Emerging Markets: Emerging markets focus on less mature markets. Again, this hedge fund strategy is quite risky, since it is impossible to entirely guarantee if an immature market will succeed or not.
Fund of Funds: In this investment strategy, funds invests in other hedge funds—typically between 10 and 30 of them. Funds of funds are more liquid, but you also have to pay both the hedge fund manager and the manager of the fund of funds.
Pros and Cons
As was stated above, the ambiguity of hedge funds allows them to yield a higher profit.
Hedge funds have a higher risk factor than the stock market.
Which leads us to what could perhaps be considered the biggest hedge fund con of them all...
The 2008 Financial Crisis
Ah, yes, the Ultimate Con.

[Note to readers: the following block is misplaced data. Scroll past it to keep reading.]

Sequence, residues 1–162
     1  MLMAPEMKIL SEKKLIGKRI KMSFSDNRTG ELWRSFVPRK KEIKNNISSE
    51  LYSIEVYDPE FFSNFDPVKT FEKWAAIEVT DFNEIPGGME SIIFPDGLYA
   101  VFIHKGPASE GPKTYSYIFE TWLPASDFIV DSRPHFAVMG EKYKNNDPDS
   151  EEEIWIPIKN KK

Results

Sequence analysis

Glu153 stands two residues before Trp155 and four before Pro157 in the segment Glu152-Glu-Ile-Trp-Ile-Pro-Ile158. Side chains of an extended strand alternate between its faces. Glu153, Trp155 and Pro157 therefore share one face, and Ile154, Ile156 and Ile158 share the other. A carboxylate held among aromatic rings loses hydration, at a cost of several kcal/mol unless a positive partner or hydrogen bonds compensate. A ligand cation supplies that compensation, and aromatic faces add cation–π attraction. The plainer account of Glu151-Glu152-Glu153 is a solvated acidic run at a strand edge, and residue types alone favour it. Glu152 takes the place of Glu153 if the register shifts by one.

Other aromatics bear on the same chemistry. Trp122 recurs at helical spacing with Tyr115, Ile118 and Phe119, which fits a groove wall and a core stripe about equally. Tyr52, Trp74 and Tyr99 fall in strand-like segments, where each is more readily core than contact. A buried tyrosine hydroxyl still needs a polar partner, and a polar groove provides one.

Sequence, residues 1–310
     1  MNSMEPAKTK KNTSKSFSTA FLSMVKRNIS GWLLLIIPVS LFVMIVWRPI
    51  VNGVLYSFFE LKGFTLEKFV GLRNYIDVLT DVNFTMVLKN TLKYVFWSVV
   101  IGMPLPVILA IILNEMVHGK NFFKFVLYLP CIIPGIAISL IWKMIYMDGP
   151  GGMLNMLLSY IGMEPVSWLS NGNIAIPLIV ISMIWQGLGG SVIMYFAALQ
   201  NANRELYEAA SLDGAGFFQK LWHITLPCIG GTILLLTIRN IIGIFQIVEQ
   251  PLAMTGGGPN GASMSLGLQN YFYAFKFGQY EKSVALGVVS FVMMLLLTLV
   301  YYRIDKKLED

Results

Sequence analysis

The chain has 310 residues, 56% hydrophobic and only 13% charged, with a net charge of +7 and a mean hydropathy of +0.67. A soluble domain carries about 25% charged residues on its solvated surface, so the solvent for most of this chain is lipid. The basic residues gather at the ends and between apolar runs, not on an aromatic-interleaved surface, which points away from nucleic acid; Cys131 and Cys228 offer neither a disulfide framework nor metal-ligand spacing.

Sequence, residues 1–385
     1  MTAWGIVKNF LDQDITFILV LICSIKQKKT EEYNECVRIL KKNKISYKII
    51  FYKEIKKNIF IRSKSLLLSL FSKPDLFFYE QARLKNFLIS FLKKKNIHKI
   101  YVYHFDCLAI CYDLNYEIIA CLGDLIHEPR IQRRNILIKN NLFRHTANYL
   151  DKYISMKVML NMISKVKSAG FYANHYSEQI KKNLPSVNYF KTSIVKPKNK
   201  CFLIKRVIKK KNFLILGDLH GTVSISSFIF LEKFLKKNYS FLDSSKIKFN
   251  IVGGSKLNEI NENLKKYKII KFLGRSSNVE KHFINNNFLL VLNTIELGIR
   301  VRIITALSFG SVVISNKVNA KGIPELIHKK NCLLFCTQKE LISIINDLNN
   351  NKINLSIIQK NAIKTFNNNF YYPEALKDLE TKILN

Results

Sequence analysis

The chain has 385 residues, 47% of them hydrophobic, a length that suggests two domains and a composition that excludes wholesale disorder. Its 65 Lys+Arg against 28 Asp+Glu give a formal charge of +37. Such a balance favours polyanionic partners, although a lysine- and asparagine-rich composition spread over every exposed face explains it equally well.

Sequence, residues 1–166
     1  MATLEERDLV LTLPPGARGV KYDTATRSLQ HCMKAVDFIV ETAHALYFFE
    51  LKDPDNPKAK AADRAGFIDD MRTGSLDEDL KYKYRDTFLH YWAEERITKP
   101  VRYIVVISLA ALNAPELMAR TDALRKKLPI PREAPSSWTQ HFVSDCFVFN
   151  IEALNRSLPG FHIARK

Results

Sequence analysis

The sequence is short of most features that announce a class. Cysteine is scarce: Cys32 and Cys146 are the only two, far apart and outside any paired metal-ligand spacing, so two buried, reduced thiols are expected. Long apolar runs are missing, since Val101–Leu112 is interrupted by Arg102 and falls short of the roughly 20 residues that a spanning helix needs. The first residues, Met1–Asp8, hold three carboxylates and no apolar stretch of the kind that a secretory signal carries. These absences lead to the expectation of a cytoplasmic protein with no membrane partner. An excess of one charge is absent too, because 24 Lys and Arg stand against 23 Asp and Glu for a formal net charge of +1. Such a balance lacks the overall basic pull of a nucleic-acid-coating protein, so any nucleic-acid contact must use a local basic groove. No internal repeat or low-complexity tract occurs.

The 2008 Financial Crisis ruined thousands of lives. A lot went into play in order for things to turn out the way they did, and the term "hedge fund" was definitely tossed around multiple times.
Hedge funds began selling mortgage-backed securities, along with other derivatives (like debt obligations). They were allowed to do this, thanks to a severe lack of regulations. Things were looking pretty good, until interest rates on houses increased, while the demand for houses slowed. Homeowners saw their homes decrease in value, and at the same time they couldn’t afford the payments. This caused them to default.
Once you default, you’re basically saying no one is getting paid. Prime brokers that once held derivatives suddenly weren’t sure if they were holding onto either a gold mine or a bomb, and these prime brokers became reluctant to lend to each other. Not lending also means no money. No money means a market downfall is well on the way. Companies like Bear Stearn and Lehman Brothers lost it all because of their hedge funds.